Friday, July 21, 2006

Communion Thoughts and more....

Here we are almost a month post GC2006. What an interesting time! Being at GC and being front and center for many of the committee hearings and all of the floor debates, I am constantly shocked by what I hear and read about what we did. So much is inaccurate, so much is subject to wide interpretations. For the most part, I am disheartened by actions taken by various entities and individuals in our church. And I remained amazed at how sexuality completely captures such passion and violent opinions. Would that mission and evanglism, would that love of neighbor, would that the teachings of Christ, like Matthew 5, Matthew 25, Matthew 28, would rule the day.
I have also been struck by how our readings this summer speak so much about reconciliation, about unity, about how our baptism unites us and how we are to be MINISTERS of reconciliation, not ambassadors of division.
I come from the Southern Baptist church. Much of that upbringing still informs me. But one aspect of congregationalist churches is the issue of schism. You get enough people mad at the pastor or upset over the color they painted the walls, and they just leave to start another church. There is no sense of a greater structure, of ecclesial bodies, of Bishops or others in authority. And quite often (I dare say almost without fail), when a church splits in anger, they form an angry church. From that comes, later, another split and another and another. It is a very slippery slope.
As Episcopalians / Anglicans try to figure all this out, I wonder about the long range repurcussions. I wonder about folks wanting to line up under Akinola, until he does something they don't like. I wonder about people who want to choose their bishop, based on criteria they define today, and what happens in 10 years when the church has new people and there are new bishops, do they just choose again? Is that very Anglican, or catholic, at all? Slippery slope.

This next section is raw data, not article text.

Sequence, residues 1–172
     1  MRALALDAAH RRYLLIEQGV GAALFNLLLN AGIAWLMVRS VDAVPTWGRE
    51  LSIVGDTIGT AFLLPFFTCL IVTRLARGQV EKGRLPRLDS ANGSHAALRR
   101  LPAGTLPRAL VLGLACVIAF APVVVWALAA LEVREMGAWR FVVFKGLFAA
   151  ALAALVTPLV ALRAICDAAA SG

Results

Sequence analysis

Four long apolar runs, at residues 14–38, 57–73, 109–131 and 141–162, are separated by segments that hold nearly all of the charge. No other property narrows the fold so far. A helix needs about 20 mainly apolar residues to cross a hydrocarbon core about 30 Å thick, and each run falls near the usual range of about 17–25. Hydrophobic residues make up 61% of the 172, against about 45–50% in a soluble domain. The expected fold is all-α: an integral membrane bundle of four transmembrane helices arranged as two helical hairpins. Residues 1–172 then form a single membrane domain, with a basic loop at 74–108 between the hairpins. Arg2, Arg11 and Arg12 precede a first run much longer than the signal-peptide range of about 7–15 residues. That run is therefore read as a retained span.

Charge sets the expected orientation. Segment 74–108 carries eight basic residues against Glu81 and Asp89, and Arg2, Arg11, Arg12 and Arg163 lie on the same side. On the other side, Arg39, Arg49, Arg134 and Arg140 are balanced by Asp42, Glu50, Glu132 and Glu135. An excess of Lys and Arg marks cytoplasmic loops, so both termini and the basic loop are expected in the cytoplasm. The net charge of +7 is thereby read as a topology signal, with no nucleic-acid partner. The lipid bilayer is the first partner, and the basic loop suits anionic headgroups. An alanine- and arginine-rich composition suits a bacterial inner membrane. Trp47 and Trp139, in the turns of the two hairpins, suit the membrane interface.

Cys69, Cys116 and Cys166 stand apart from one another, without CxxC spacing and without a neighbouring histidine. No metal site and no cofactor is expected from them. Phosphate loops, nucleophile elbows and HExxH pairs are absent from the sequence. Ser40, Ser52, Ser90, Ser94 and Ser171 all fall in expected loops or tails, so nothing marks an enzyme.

I keep hearing from "left" side and "right" side folks of what we did or did not do at GC. The special commission on Windsor, and the legislative committee at GC, worked so very hard. They tried to respond and yet be sensitive to various opinions. They presented to us A161, which addressed (not harshly enough in some opinions) the election of Bishops whose manner of life is a problem for the Communion AND also addressed a moratorium (not those words) on blessing same sex unions. One thing I hear constantly from the "conservatives" is how SSUs were not even addressed. This is wrong. A161 addressed them - taking language from A162 (which was combined with A161) the resolution stated :
" The amended A161 had called for The Episcopal Church to “not proceed to develop or authorize Rites for the Blessings of same-sex unions”; to maintain a “breadth of responses” for the pastoral care of gays and lesbians; to offer its regret to the Anglican Communion for the actions of 74th General Convention; to urge dioceses to “refrain from the nomination, election, consent to, and consecration of bishops whose manner of life presents a challenge to the wider church”; and to apologize to those “hurt by these decisions.”

The debate on this resolution was fascinating. Those in full support of Gene Robinson and SSUs were adamantly opposed. Those from the right, very surprisingly, also opposed it (saying it did not go far enough). That was an amazing turn. The "right" folks worked together, called for a vote by orders, and really worked to defeat A161 which, IMHO, did address the Windsor Report, offering regret, promising not to develop rites, and urging refraining from electing gay bishops. This was a well done, difficult-to-achieve resolution and, again in my opinion, brought us as close in line with Windsor as possible for our GC. The conservatives fought it tooth and nail. Some of the liberal members of the special committee spoke for passing the resolution, willing to give up what they considered progress for the greater good of unity and the communion.